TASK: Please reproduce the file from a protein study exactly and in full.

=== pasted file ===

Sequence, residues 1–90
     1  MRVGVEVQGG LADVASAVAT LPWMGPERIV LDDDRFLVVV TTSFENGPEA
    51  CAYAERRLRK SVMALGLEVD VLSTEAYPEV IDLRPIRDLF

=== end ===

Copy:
Sequence, residues 1–90
     1  MRVGVEVQGG LADVASAVAT LPWMGPERIV LDDDRFLVVV TTSFENGPEA
    51  CAYAERRLRK SVMALGLEVD VLSTEAYPEV IDLRPIRDLF